Kiwi Camara, Harvard Law School’s youngest graduate and founder of legal tech company CS Disco, made headlines last week when he unexpectedly resigned, giving up an estimated $110 million in compensation.
However, the departure reportedly took a darker turn wall street journal Claims Kamala was ousted over sexual misconduct allegations. He allegedly molested a young female employee and engaged in disturbing behavior, including forcing grilled meat into her face during dinner.
CS Disco initially played down Kamara’s resignation, saying it was not related to any operational or policy disagreements.But, that wall street journal A series of troubling allegations of misconduct have since been reported, with company sources telling the newspaper that the board is investigating an allegation of sexual assault against a female employee during a company dinner on September 6.
Former and current employees described a pattern of behavior involving alcohol-fuelled social events hosted by the CEO. That night, Kamala reportedly encouraged employees to drink tequila during happy hour and then invited a select group of people to dinner.
Witnesses said he pushed food into a young female worker’s face, insisted she eat “like an animal” and touched her.
Witnesses also told wall street journal Kamara tried to convince the employee, who was visibly uncomfortable, to return to his apartment. The staff member immediately reported the incident to CS Disco’s head of human resources and this is not the first such complaint.
Last year, concerns about Kamala’s behavior toward female employees, including hiring practices, social gatherings and inappropriate comments, were allegedly reported to the company’s ethics hotline. The allegations were investigated, but the results have yet to be released.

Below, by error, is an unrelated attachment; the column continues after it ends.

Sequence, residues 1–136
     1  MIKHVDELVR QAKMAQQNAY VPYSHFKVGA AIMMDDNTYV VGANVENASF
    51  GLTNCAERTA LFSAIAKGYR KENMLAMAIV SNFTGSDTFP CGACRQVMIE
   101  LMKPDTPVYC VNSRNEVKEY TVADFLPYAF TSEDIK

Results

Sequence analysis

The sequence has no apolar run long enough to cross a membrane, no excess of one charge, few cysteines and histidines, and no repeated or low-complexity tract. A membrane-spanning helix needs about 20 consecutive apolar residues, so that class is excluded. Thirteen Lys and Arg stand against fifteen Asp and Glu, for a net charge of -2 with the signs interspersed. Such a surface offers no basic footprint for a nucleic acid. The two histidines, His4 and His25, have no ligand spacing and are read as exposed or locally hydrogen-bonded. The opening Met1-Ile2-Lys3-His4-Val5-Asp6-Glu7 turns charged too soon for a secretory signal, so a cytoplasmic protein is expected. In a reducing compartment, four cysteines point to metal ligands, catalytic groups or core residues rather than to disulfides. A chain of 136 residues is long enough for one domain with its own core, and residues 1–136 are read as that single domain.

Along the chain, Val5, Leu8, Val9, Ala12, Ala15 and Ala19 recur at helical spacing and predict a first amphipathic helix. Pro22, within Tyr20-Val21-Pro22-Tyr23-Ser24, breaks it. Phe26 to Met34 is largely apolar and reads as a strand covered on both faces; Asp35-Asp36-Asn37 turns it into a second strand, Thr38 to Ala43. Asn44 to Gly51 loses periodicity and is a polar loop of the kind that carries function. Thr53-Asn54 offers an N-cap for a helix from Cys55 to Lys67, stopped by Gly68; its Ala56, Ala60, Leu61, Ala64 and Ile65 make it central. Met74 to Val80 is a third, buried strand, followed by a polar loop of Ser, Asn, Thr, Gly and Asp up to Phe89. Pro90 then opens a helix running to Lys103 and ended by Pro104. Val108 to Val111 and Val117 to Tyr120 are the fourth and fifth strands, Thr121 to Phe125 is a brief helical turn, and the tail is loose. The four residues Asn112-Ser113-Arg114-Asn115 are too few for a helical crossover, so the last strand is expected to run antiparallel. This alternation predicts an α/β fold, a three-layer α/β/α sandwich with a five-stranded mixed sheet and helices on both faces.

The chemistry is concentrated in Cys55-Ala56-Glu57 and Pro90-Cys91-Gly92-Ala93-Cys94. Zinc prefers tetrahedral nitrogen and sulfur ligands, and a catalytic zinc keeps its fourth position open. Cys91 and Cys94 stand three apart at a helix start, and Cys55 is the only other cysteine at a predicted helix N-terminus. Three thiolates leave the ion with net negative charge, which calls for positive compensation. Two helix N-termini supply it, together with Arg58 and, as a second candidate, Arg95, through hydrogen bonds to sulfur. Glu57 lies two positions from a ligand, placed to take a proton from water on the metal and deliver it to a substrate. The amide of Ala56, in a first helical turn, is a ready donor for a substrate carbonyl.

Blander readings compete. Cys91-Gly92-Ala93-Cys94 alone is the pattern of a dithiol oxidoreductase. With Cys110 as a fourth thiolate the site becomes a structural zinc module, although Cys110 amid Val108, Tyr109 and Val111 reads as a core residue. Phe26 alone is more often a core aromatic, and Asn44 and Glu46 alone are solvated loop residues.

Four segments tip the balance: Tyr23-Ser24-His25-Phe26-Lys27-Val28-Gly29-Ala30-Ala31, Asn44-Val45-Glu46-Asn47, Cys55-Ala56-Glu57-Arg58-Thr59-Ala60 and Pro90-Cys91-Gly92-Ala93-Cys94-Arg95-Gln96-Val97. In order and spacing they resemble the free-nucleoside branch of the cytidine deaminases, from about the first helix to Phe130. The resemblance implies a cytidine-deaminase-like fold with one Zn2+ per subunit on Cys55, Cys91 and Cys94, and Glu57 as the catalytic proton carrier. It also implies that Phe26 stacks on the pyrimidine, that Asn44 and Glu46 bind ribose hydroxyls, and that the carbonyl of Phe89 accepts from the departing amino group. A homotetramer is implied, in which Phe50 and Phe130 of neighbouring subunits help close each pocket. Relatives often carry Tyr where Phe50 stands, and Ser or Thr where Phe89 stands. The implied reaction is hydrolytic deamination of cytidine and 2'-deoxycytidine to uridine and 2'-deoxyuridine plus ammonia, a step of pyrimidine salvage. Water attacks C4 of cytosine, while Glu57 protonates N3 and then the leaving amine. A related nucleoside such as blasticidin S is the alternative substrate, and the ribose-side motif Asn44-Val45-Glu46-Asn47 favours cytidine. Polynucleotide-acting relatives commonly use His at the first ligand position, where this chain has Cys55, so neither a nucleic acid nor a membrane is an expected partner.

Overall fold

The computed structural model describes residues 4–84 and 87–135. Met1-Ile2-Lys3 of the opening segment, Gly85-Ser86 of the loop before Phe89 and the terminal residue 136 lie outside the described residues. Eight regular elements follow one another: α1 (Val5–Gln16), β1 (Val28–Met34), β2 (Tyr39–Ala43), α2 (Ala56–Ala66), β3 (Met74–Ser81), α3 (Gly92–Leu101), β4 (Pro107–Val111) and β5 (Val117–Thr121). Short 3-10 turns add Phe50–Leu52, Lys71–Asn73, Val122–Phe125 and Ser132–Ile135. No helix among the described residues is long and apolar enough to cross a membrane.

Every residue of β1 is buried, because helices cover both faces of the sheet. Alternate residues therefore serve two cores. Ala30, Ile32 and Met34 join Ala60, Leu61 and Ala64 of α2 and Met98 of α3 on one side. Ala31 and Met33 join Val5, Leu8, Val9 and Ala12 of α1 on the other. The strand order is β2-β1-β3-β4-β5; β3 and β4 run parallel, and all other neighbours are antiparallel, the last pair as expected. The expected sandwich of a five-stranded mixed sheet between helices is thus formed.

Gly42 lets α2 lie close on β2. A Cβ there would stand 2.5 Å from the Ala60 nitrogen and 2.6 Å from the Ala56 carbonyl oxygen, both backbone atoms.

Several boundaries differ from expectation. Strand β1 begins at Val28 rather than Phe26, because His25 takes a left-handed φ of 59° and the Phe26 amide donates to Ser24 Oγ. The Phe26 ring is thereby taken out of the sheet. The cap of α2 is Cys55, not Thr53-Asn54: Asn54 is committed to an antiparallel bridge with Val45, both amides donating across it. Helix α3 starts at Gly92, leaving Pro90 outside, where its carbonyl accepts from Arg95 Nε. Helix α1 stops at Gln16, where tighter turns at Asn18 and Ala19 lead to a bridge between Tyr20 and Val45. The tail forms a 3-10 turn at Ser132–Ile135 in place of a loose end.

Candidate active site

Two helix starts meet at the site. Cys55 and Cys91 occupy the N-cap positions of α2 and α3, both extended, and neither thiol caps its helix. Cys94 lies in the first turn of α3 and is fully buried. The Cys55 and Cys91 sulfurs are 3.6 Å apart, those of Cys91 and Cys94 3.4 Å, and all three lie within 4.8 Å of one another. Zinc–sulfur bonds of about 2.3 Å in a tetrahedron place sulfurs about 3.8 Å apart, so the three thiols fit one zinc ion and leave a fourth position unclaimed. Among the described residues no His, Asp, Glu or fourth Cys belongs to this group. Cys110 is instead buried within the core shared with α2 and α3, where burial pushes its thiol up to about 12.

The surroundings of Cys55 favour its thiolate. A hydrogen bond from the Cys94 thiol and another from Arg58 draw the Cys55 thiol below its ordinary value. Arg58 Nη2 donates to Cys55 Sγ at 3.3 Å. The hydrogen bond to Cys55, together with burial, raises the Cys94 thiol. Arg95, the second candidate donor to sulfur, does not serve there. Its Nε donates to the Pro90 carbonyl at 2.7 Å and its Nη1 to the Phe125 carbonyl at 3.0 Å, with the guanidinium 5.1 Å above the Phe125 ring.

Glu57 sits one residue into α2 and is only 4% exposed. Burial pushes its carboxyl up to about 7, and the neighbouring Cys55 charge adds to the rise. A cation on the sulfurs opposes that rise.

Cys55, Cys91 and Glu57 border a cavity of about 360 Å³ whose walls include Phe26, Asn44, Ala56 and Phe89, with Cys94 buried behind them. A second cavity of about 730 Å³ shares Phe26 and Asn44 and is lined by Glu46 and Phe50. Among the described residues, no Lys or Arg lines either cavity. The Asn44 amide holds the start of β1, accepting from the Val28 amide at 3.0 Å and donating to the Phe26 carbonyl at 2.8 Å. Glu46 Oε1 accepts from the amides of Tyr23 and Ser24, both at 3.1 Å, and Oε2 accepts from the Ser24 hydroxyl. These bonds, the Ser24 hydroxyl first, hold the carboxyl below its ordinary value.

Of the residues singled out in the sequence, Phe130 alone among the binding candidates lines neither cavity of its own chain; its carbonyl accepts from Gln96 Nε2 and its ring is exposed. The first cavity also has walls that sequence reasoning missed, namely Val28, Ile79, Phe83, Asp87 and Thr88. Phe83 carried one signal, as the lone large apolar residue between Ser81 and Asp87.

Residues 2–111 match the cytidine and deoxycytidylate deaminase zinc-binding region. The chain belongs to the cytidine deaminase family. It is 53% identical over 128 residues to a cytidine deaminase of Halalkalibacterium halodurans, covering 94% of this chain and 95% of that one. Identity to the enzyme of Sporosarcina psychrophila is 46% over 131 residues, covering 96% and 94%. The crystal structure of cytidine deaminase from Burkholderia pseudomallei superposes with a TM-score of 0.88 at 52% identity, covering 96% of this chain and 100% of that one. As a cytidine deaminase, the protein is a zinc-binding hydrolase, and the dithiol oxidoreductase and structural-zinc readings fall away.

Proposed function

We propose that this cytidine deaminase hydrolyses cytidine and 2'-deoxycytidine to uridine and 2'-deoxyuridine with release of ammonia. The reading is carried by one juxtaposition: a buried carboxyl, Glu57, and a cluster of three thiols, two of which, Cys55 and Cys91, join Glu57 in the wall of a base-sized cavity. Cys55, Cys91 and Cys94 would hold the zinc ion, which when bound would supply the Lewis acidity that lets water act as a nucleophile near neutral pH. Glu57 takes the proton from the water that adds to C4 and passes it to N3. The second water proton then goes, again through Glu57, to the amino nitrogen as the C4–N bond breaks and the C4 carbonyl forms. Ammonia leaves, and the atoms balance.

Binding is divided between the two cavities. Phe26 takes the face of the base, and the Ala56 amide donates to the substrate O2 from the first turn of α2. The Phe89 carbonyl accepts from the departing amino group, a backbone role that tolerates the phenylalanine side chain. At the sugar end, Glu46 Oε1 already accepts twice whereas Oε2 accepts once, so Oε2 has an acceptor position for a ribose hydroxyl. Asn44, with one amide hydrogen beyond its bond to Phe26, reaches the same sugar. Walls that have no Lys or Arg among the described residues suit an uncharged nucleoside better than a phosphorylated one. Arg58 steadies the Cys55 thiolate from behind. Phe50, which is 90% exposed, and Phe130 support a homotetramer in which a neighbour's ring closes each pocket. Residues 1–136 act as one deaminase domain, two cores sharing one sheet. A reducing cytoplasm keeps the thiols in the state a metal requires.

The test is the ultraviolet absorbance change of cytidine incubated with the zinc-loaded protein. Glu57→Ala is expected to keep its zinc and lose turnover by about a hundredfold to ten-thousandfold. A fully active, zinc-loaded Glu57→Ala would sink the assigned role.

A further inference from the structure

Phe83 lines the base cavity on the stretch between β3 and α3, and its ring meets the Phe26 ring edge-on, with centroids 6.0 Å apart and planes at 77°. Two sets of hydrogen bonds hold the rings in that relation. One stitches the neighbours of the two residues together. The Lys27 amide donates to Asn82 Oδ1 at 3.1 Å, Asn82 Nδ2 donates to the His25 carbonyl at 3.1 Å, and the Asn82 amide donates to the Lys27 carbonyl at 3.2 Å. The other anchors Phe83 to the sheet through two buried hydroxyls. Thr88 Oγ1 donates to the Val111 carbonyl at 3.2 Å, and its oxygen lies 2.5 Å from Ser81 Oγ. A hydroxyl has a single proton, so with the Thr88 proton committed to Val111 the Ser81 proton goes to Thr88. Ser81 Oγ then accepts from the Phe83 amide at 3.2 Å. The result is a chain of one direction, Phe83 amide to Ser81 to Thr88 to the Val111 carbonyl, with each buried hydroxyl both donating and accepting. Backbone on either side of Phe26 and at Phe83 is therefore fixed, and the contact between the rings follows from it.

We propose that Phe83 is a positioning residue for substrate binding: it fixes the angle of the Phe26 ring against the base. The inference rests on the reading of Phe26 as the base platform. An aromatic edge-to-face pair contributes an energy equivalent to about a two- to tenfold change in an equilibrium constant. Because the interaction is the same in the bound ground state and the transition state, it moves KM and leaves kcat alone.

Neither CS Disco nor Camara responded. of wealth Request for comment.
Other allegations suggest that Kamala engaged in disturbing practices of hiring female receptionists based on appearance and forced young employees in the Emerging Leaders rotation program to attend social events. Some compared the experience to the TV show Love Island.
A former ELRP colleague told wall street journal Kamala used his position of power to pressure younger employees to comply: “He would say, ‘If you don’t do things my way, I’m going to fire you.'”
Who is Kivi Kamara?
The Filipino-born tech executive graduated from Harvard Law School at just 19, high school at 14, and Hawaii Pacific University at 16 with a degree in computer science.
Even so, his studies were marred by inappropriate behavior. According to Kamala, during his first year at Harvard Law School in 2002, he made racist comments that stayed with him as he entered the workforce and resulted in him being rejected from major law firms.
So Camara set up his own law firm, Camara & Sibley, with his classmate Joe Sibley, and then founded CS Disco in 2013, all before he turned 30.
The company, which uses new technologies like artificial intelligence to help lawyers sift through documents and identify potential evidence, has since hired hundreds of employees, whom Camara calls “Discovians.”
In July 2021, CS Disco was listed on the New York Stock Exchange, and although its stock has performed poorly since then, Kamala has become one of the richest CEOs in the world.
The ousted CEO earned $110 million last year, making him one of only nine leaders to earn more than Apple’s Tim Cook.
CEO misconduct on the rise
If you feel like the number of CEOs making headlines for all the wrong reasons is increasing, that’s because it is.
Research shows the number of executives being ousted is increasing as the #metoo movement affects the standards we hold leaders in the corporate world.
Exchange.com has been tracking CEO departures at companies in the Russell 3000 stock index since early 2017, and the data shows that misconduct-related departures are rare but on the rise.
Meanwhile, half of the chief executive departures at the 3,000 largest U.S. companies last year were due to personal misconduct, up from 14% in 2017, according to The Conference Board.
Just yesterday, Cboe Global Markets CEO and Chairman Edward Tilly joined BP’s Bernard Looney and CNN CNN’s Jeff Zucker joins the list of leaders who have been forced out due to undisclosed relationships with colleagues.